If you love to try out the latest tech gadgets, you’ve likely seen the new home WiFi systems based on mesh networking technology.
These systems (like Netgear’s Orbi, Google WiFi, Linksys Velop, and Eero) replace your traditional single-point WiFi router with multiple WiFi access points. This multi-point system is designed to eliminate dead zones and buffering by blanketing your home in WiFi coverage.
Unlike WiFi range extenders/repeaters, they also maintain a single network name (SSID) which allows your devices to hop between access points at will.
Sounds great, right?
Well, aside from the high price (around $300-$500 US), mesh WiFi systems aren’t immune to the same interference and range limits of WiFi itself, and there are a few potential pitfalls.
Keep reading to learn more about those, and some cost-effective alternatives to mesh WiFi networks for cord cutters using Tablo OTA DVRs.
Mesh Network Pitfall #1: Network Discovery Hide & Seek
The goal of a mesh WiFi network is to provide solid connectivity for your devices to the outside internet (WAN) and they can do that quite well, when set up correctly. However, many devices including printers, baby monitors, and Tablo OTA DVRs rely on your local network (LAN) to connect to and communicate with other gadgets in your home.
Unfortunately, unlike with a traditional WiFi router, the multiple access points on a mesh WiFi network can cause network discovery problems, pulling your favorite gadgets into an annoying game of hide and seek by creating different subnets on your main network for wired devices versus those on WiFi.
Mesh Network Pitfall #2: Access Point Hopscotch
Remember how mesh WiFi devices provide a single network name (SSID) for all access points? This enables your devices to easily hop from one access point to another as needed, usually in the event of a slowdown or failure on one node, or as a connected device moves through the house.
This is great for surfing on your cell phone as you wander between your kitchen and your bedroom, but can become problematic for streaming TV devices.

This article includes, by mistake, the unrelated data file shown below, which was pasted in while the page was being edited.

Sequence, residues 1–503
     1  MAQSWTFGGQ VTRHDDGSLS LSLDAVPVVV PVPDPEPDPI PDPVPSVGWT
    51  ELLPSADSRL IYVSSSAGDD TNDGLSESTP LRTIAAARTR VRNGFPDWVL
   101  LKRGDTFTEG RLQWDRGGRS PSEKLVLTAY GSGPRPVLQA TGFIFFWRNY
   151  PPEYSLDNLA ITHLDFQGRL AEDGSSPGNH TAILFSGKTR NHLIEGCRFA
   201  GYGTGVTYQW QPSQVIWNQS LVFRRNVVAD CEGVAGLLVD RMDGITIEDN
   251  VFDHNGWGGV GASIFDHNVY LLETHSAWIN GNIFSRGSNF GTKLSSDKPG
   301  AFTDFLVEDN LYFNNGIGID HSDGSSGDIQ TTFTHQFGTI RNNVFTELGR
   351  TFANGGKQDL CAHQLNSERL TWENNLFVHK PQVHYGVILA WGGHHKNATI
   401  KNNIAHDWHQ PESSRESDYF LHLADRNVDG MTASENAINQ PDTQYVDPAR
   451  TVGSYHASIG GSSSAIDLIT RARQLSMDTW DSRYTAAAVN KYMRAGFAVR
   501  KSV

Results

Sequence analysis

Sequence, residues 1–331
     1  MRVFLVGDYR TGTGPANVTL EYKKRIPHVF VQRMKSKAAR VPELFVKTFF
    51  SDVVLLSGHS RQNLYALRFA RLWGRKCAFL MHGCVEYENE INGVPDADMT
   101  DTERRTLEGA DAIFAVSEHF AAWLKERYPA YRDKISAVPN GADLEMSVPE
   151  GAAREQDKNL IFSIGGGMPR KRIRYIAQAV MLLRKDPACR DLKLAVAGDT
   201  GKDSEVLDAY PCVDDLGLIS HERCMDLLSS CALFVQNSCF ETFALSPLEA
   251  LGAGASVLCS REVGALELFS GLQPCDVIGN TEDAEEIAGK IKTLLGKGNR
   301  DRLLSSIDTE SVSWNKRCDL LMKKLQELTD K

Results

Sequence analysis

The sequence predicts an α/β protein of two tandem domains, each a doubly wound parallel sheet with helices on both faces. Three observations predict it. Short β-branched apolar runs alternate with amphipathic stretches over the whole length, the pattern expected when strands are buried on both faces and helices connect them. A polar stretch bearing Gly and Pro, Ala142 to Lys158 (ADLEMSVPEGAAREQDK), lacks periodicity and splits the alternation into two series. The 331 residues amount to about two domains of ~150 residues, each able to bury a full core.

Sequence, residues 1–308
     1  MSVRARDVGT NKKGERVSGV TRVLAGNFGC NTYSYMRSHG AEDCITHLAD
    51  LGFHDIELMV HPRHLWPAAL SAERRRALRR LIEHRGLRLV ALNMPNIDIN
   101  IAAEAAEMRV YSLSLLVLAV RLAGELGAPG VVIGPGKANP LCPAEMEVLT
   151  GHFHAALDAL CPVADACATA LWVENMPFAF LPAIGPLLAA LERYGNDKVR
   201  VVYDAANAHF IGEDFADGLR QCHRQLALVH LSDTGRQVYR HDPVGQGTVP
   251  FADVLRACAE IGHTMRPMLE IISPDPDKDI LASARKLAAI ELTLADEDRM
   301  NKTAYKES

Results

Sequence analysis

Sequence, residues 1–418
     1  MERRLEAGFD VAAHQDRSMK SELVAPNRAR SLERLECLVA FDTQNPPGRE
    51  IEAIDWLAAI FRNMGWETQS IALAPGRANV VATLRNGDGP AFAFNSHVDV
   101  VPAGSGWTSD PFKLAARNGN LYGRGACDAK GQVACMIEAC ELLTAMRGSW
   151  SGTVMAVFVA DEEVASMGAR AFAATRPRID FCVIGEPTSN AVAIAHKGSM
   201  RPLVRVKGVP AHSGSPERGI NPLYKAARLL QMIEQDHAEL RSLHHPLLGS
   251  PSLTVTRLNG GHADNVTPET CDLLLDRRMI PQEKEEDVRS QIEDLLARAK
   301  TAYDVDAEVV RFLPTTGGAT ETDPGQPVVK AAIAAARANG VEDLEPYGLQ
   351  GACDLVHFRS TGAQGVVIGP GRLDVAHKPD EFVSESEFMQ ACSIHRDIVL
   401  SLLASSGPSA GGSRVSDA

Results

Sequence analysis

Recently we heard from a customer who was experiencing frequent buffering when trying to view content from his Tablo OTA DVR on his Roku. When our support gurus used a network analyzer tool to diagnose the issue, we found that because his mesh WiFi satellites had idential network names that his Roku was repeatedly bouncing back and forth between access points, causing the stream to pause as the Roku and Tablo waited to re-establish a connection after each hop.
Mesh Network Pitfall #3: Lack of Advanced Features
The solution to many networking problems like the ‘access point hopscotch’ issue described above would be to log into the router and make changes to advanced settings.
For example, if you can give unique names to each access point, and tell the living room Roku to always connect to the living room WiFi access point, this would provide a permanent solution.
However, not all mesh WiFi network products offer the same granualar level of advanced settings for things like port mapping, static routing, and quality-of-service (QOS) as traditional routers, which can help ensure optimal performance for all your network-connected devices.
Alternatives to Mesh WiFi for Cord Cutters
Thankfully there are some simple and cost-effective alternatives to mesh WiFi for streaming TV aficionados.
Heck, some of these are even free, and we know you like that!
Upgrade/Re-position/Reconfigure Your Router
Before picking up a mesh system to improve WiFi coverage in your home, take a look at your existing equipment first. If your router is more than 5 years old, simply swapping it out for a newer model can make a HUGE difference, especially in an average-sized two-story home.
Even with a newer router, you can get significant performance improvements by moving it to a more central location in your home, choosing to connect your streaming TV devices to a different WiFi frequency, or making other easy optimizations.
Try Powerline Ethernet Adapters
If those tips don’t do the trick, try a Powerline Ethernet Adapter. These devices are cheap ($30-$80) and extend hardwired Ethernet connections to places in your home where you may not have an Ethernet jack installed or where WiFi reception is poor or unavailable.
Because powerline adapters provide a hardwired connection, you’ll get ultra-fast buffer-free streaming while avoiding the networking headaches that WiFi extenders and mesh WiFi systems can create.
TLDR: cord cutters should reconsider purchasing a mesh WiFi network.
While mesh WiFi systems are a cool idea and are an easy way to provide whole-home wireless coverage, even the experts agree that, “If you want total control over your network and require the best possible throughput performance and connectivity options, stick with a traditional router solution.”
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